Because I’ve never thought it made sense that you would take the right to vote away from someone. If you are a citizen, you don’t lose your citizenship, or at least you shouldn’t be, unless you’re considered a slave and no longer a citizen… You don’t lose your citizenship just because you are in jail, so why should you lose your right to vote? And, you know, there’s the law enforcement person in Georgia who admitted [to] arresting someone and charging them with a felony instead of a misdemeanor so he could take their vote away. That is very much one of the functions of the criminal justice system, is to disenfranchise voters.

Emma:

I’m very excited to ask this question, because in my work I’ve recently been studying a lot about the nonprofit industrial complex (NPIC), and it’s just abundantly clear how those in power, this might be leading, but it seems that those in power don’t want activists to make change. So, in your personal experience, how much do you think those in power prevent activists, advocates, from making systemic change?

Kamau:

Man, so, this is that opposition question that we talk a lot about in the Network. In the earlier campaigns, which we look at as like Colorado, Utah, Nebraska, everything before our current political moment, [it] was relatively easy in terms of facing opposition. We have not, to date, faced any paid counter-campaigns to any of our campaigns. In Colorado, Utah, Nebraska, our biggest opponent at the time was confused messaging, and not even all the way. There were Republicans who were very in favor of this and who would actually testify in favor of abolishing slavery. Their reason was a little different, because they didn’t wanna see what they said was “archaic language” in the Constitution. Their view was more of, “This is a stain on our legacy.” Or at least that’s what they said. 

We did receive some opposition from the casual person online, you know, making threats against the campaign, and… That did boil to a point in 2018 in Colorado, where somebody actually took all the door hangers from a neighborhood, found Jumoke Emory’s house, one of our organizers, and burned a stack of campaign flyers on his front porch. And so we had to get the police involved, you know, file a few reports. That happened at the same time that there were other white supremacist activities taking place against another ballot measure initiative that Will Dickerson was leading…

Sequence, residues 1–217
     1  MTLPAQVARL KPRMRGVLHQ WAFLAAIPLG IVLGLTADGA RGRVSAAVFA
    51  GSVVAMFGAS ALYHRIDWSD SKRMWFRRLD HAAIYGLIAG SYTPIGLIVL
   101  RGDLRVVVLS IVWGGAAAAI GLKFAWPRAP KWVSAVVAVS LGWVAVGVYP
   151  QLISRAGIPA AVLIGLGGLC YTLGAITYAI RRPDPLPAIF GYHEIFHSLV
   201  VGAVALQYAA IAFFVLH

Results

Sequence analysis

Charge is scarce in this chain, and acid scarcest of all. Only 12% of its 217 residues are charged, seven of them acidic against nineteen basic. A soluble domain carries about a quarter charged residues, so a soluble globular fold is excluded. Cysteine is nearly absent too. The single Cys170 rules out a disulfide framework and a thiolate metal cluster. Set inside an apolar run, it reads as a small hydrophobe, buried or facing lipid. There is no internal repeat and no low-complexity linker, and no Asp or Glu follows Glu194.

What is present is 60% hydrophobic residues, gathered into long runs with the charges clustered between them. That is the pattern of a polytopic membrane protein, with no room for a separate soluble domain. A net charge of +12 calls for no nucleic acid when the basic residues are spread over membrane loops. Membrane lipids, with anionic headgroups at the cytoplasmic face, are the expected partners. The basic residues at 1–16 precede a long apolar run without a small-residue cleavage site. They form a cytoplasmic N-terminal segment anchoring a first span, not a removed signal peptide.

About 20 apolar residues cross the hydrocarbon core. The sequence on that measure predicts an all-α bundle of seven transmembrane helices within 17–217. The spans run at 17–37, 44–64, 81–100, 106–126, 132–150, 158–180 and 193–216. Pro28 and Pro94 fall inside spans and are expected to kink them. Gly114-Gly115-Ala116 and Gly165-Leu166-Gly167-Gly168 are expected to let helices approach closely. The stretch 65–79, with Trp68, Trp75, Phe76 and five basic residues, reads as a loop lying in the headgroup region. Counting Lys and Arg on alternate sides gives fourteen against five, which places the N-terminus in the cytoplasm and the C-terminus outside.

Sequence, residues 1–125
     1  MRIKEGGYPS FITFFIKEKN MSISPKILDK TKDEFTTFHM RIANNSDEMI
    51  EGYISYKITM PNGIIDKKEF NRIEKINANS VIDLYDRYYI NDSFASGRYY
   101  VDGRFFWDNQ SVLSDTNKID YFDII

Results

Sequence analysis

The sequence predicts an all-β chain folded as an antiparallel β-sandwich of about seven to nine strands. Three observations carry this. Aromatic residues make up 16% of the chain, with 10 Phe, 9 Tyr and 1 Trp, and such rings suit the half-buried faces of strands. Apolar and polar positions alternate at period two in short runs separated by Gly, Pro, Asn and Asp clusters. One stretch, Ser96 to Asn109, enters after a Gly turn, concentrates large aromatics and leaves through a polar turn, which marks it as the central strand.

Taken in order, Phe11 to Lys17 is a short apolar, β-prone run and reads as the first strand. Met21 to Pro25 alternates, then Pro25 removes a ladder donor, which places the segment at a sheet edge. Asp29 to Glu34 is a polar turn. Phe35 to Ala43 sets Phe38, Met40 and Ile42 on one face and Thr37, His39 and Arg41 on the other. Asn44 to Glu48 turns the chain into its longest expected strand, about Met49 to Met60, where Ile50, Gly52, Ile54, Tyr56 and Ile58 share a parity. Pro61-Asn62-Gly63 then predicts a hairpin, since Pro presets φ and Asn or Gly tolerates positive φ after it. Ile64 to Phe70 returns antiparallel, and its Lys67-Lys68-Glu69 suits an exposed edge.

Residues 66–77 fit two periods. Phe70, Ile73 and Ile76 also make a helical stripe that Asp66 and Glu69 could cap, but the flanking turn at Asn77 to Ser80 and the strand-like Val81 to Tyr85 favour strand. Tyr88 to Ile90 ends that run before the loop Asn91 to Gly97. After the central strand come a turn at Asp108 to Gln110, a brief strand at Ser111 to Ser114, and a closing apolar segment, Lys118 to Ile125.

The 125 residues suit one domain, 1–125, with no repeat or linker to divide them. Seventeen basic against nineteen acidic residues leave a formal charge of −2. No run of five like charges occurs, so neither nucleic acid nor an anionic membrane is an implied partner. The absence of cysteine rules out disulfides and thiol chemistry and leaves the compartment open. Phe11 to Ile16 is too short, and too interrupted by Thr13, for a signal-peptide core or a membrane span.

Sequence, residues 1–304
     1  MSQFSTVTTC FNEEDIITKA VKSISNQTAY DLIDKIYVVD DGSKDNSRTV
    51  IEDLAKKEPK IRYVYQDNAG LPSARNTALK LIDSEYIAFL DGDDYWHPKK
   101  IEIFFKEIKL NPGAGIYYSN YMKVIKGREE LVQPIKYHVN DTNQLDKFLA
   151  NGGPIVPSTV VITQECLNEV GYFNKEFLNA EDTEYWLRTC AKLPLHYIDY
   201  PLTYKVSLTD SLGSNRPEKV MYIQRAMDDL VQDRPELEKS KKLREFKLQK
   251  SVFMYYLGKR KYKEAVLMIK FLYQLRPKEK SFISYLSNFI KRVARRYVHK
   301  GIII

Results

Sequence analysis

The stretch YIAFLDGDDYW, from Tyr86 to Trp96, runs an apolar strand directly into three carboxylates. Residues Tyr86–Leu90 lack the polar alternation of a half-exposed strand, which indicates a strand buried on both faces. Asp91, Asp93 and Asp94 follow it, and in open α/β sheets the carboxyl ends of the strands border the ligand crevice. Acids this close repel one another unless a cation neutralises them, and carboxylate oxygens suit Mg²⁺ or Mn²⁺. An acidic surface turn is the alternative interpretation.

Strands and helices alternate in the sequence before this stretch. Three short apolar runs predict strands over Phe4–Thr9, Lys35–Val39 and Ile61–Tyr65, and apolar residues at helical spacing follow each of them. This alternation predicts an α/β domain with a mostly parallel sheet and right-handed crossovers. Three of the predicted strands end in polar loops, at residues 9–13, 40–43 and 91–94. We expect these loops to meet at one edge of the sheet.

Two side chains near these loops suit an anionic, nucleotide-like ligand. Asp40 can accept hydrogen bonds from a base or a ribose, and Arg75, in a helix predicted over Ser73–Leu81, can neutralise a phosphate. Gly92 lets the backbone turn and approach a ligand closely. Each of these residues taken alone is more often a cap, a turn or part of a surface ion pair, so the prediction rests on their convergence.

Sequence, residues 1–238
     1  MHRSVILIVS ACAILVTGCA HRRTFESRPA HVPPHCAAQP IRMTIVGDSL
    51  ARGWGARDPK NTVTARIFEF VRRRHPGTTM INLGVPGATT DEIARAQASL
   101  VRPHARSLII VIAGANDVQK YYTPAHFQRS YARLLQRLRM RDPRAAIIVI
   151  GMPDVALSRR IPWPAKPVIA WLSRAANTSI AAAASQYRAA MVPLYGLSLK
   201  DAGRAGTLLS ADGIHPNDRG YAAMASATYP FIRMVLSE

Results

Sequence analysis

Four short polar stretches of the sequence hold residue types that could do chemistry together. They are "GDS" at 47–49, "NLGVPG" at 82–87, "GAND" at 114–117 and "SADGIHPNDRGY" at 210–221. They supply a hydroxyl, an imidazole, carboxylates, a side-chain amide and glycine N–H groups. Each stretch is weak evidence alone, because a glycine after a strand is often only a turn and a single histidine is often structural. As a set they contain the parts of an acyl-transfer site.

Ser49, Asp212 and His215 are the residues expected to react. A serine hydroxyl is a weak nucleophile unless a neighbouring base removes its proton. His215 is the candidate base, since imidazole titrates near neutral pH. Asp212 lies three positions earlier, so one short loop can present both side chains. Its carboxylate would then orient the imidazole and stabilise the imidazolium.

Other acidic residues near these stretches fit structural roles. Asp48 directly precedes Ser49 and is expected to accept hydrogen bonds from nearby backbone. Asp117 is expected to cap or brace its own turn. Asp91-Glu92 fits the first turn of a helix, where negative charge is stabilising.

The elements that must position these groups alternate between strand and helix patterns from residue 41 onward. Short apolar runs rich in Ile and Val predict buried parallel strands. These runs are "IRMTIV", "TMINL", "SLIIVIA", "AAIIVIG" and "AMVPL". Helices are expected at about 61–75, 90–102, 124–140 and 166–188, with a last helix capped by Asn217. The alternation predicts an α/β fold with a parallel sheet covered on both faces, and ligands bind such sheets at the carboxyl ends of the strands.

But now, especially in our Southern states and other states where we have stronger, more vocal opposition, we’re seeing things where these issues are not making it out of committee, that they’re not even having committee hearings. That a lot, especially a lot of Republican-held committees are essentially drowning these efforts. In the state of Louisiana last year, the nearly all-Republican committee shot this issue down, calling it “the most dangerous bill their state had ever seen.”

Ending slavery was seen as the most dangerous bill that they’ve ever seen, that their state had ever seen in the state of Louisiana, which is a very audacious claim. But fortunately, now that was reintroduced, yesterday or two days ago, and it passed out of committee.

Nathan:

On Monday [May 16], it got through committee in Louisiana. I mean, there’s still more [to] process there, but it’s moving, there’s progress there.

Kamau: